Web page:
Reaction to Readings
The readings presented a lot of ideas that were logical, and a few that made me double check the statistics. Cycling has been growing in most major cities since the turn of the century, but the Netherlands is on another level from the U.S. in terms of spending, use, and knowledge. The Dutch have figured out the most effective ways to balance motor traffic with cyclists and pedestrians, keep everyone safe, and incentive sustainable transportation. Americans are beginning to recognize the environmental and health benefits of cycling, but there is a long way to go before it is reasonably safe for all cyclists.
I was particularly surprised by the discussion of helmets in the safety chapter of City Cycling. Helmets have always been praised in the U.S. for making cycling safe, but safety really depends on infrastructure and separation from vehicles. Helmets are often used to compensate for a lack of cycling skill and people are more likely to take safety risks when wearing them. Laws enforcing helmet use do more to reduce cycling than reduce head injuries, which ultimately makes cycling less safe (Pucher 2012). I will continue to wear a helmet when cycling in the U.S., but I am looking forward to cycling without one in the Netherlands and feeling the difference.
Differences Between Netherlands and U.S.
John Forester’s vehicular cycling policy has set back American cycling infrastructure as the Dutch have excelled and developed. Forester convinced Americans that cyclists are most safe when they act as and are treated as vehicles because that is how drivers notice them (Pucher 2012). The Netherlands has proven the opposite, with greater safety for cyclists when they are separated from cars, especially at high speeds. The Dutch separate cyclists from cars on any road above 20 mph, and they have the highest use and lowest injury rates of any country in the world (Pucher 2012). The figure below shows the percentage of trips taken by bicycle for several countries, and the Netherlands leads the pack by a comfortable margin (Harms 2018). The American Association of State Highway and Transportation Officials (AASHTO), still does not endorse or aid in the design of separated bike paths. Some U.S. cities have taken advice from the Dutch, and incorporated cycle tracks and separated paths into their biking networks. The National Association of City Transportation Officials (NACTO) has released an Urban Bikeway Design Manual with specific guidance for U.S. cities attempting to design Dutch-style cycle infrastructure (Pucher 2012).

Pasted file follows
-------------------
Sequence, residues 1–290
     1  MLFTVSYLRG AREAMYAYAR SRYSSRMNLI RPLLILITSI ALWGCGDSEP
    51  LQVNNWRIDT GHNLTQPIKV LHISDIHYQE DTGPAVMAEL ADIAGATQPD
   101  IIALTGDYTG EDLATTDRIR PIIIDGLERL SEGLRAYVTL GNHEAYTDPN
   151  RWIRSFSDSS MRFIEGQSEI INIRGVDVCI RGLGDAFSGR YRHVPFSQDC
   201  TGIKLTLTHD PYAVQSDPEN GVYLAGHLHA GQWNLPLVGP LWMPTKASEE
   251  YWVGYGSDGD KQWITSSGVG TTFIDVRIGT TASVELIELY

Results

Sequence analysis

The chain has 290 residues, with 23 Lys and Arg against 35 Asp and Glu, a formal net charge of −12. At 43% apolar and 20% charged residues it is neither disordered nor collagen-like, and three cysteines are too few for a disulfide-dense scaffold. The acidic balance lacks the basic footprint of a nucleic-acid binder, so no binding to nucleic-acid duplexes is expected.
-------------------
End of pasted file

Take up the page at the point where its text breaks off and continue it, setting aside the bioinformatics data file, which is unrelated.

Figure 1: Bike Share by Country (Harms 2018)
There are also striking differences in bicycle-related policy between the United States and the Netherlands. Schools in the Netherlands provide safe cycling training for children so that they know how to interact with other travelers and interpret road signs. Dutch driver education also covers interactions with cyclists and pedestrians and makes vulnerable modes of travel a priority. Such programs in the U.S. focus only on the drivers and their safety in relation to other drivers. The Netherlands also has laws that make drivers responsible for all collisions with children and elderly cyclists (Pucher 2012). People of all ages and abilities ride bikes in the Netherlands because of their safe systems, as opposed to the U.S. where most cyclists are fit adult males. Government spending on cycling is also much higher in the Netherlands. Portland, one of the most pro-cycling cities in America, spends about 10 times less per resident per year than Amsterdam (Pucher 2012).
Impact of Differences
The Dutch have created a beautiful model for how cycling can help a country. A switch from cars to bikes decreases air and noise pollution, makes people healthier, and costs less for infrastructure than cars. American cities are beginning to recognize the importance of cycling and incorporate Dutch systems into new infrastructure projects, but many areas of the country still have poor or no cycling systems. There will need to be a cultural shift, a dedication to funding, and most importantly an acceptance of Dutch methods in the United States. Many Americans will likely retaliate against increased taxes on drivers, reduced travel speeds, and more space dedicated to cycling, but it is important to consider the greater good and the long-term benefits of increased cycling. If the U.S. dedicates time and money to cycling, they could slowly approach Dutch levels of sustainability in transportation.
Harms, L., & Kansen, M. (2018, April). Cycling Facts: Netherlands Institute for Transport Policy Analysis.
Pucher, J. R., & Buehler, R. (2012). City Cycling. Cambridge, MA: MIT Press.
Summary National Policy Strategy for Infrastructure and Spatial Planning. (2011). Ministry of Infrastructure and the Environment.